The Intel Compute Stick looks like a long media streaming dongle or rather a large thumb drive that plugs into any HDMI port. However, it’s not just any ordinary stick, it’s a PC that runs Windows. It’s amusing how Intel has managed to shrink a computer on a stick! Yes, plug it into any HDMI port equipped screen and convert that device into a fully functional PC. But is the device ready for prime time? We take a look in our review…
Build, design and setting up
The Intel Compute Stick looks like a pen drive on steroids, larger in terms of both width and length. The design is utilitarian at best and won’t win any laurels for its looks. Made from plastic, the front has a glossy finish with big vents for fans (yes the stick even houses fans for cooling!) an LED light and the Intel logo (printed very casually). The right edge has a microSD card slot along with a vent while the left edge sports a full-fledged USB port , a micro-USB port to power the device and a plasticky power button in addition to another vent. The back has certification labels and product information. The bottom edge features an HDMI connector to help the drive fit into any HDMI port.
In its current avatar, the Compute Stick is not a very attractive looking device and lacks refinement. Having said that, in most cases it would be hidden behind big screens so you’ll not really see much of it.
Setting up the Compute Stick is not a difficult task. You just need to plug it into an HDMI port and connect a USB cable with a power adapter or a built-in USB port to turn it on. We were able to power the stick through a Samsung SUHD TV’s built-in USB port. Since the stick features a single USB port you’ll need to use a USB hub if you don’t have a wireless keyboard and mouse. We used an RF-mouse and a Bluetooth keyboard with the device and did not experience any issues. Connecting other USB peripherals would be problematic if you don’t use a hub. Beyond these issues, the Compute Stick works like any other PC.
Hardware & performance
The Intel Compute Stick is powered by a 1.33GHz Intel Atom quad-core processor (supports speed bursts of up to 1.8GHz via turbo boost) and 2GB RAM, and comes with 32GB storage. As we mentioned, there is a microSD card slot to expand the storage capacity in case you want to play your collection of music tracks or movies.
We connected it to a Samsung 4K TV but the maximum resolution the device supports is full-HD.
In terms of performance, the device is good for moderate use and for web browsing, casual games and multimedia, and for apps like office suites, and social media clients, among others. If you open too many browser tabs and multitask between many apps, it becomes a little sluggish. Graphics-intensive 3D games don’t run smoothly though we were able to run Windows 8 games like Asphalt 8 with minor frame drops.
The stick doesn’t come with its own speaker or microphone. You’d be able to use Skype with a webcam that features a microphone and sound output is through the device you plug the stick into.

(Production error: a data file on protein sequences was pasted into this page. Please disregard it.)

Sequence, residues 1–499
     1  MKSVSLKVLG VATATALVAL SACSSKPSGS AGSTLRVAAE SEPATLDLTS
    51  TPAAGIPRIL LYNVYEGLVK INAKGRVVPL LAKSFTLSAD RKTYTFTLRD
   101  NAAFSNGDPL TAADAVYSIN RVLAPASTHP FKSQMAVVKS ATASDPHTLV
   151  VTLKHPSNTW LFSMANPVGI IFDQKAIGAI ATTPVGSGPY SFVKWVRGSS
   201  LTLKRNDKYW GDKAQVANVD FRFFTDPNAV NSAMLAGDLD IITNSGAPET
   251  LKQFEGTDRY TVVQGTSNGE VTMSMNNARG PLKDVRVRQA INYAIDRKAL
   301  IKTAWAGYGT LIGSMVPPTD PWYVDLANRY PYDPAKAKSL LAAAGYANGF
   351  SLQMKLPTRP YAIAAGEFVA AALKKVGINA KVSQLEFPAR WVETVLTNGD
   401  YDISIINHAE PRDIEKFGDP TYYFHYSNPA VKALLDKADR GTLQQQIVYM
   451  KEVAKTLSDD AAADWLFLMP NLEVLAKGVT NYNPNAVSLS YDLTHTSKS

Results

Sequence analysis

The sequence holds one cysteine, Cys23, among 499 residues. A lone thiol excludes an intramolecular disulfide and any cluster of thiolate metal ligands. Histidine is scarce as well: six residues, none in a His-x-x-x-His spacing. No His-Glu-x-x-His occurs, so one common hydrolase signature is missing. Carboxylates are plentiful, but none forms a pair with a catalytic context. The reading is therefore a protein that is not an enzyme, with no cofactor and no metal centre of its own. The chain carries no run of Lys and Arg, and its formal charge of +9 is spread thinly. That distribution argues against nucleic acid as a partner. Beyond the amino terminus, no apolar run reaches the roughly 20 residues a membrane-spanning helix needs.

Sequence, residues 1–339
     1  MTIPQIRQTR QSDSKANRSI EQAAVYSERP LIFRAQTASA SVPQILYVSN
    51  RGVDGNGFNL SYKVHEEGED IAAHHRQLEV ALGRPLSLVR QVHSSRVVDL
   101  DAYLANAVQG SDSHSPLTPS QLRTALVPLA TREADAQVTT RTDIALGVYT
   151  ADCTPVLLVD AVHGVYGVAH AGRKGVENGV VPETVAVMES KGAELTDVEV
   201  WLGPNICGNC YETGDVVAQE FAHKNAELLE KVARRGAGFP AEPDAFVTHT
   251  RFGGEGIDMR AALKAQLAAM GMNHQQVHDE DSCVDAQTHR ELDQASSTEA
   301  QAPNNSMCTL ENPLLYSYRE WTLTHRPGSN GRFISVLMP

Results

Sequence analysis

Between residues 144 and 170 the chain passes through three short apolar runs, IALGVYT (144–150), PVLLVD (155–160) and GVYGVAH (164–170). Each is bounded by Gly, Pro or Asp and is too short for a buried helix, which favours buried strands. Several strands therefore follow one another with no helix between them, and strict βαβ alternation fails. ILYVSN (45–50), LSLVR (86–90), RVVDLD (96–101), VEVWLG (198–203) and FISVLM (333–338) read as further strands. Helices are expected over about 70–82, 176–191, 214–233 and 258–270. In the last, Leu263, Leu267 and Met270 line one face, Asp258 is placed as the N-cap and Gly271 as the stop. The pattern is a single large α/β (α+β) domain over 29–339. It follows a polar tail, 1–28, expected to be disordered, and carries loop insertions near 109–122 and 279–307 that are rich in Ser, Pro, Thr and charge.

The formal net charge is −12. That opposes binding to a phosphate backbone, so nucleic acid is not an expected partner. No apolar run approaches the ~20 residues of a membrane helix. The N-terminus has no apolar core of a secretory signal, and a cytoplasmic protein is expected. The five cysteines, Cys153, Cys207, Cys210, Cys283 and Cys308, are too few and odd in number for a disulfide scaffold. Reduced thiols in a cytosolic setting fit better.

We also recommend that you change the stick’s power settings to disable sleep as we encountered some issues while trying to wake the device up and ended up losing our work as we had to hard reboot the stick. We also noticed that the stick doesn’t have a great Wi-Fi antenna and had some problems getting good signal reception at times.
The Intel Compute Stick comes with a 32-bit Windows 8.1 with Bing version of the OS. The latest version of the OS features power and search buttons, ability to pin Modern UI apps to the taskbar, and boot directly to Desktop, among others.
It also offers a better desktop experience and streamlines Modern/ Windows 8 apps with desktop apps.
We were able to upgrade to Windows 10 without encountering any problems and the new OS runs smoothly.
Is it worth a buy?
Intel and Microsoft are targeting different sets of consumers with diverse use cases with this device. For the connected, urban consumer who has a number of computing devices at home, this has the potential to convert a dumb screen into a computer or a media streamer with access to a full-fledged web browser and legacy applications. For people who don’t have a computer at home and are primarily using mobile devices for internet access, the Compute Stick can turn their TVs into desktop computers. For enterprise users, small businesses and shop owners, this can act as a relatively inexpensive thin-client or embedded PC kiosk.
At Rs 9,999, the Compute Stick is one of the cheapest computers around. However, it is not self sufficient and this is what makes the adoption process so cumbersome. Not counting an HDMI port-enabled screen, you still need additional accessories like a wireless keyboard and mouse, a USB hub and webcam to get a ‘complete’ PC experience. If you need a media streamer you can go for a simple device like the Chromecast or Tewee that doesn’t need all the additional peripherals just to function.
While it’s amazing how Intel has managed to shrink a PC into a stick, the device is not a great performer and can be recommended majorly for casual use. We’re guessing it’s for people who just want an additional, super portable computer for occasional use or for business owners who want a thin client for employees or a smart kiosk.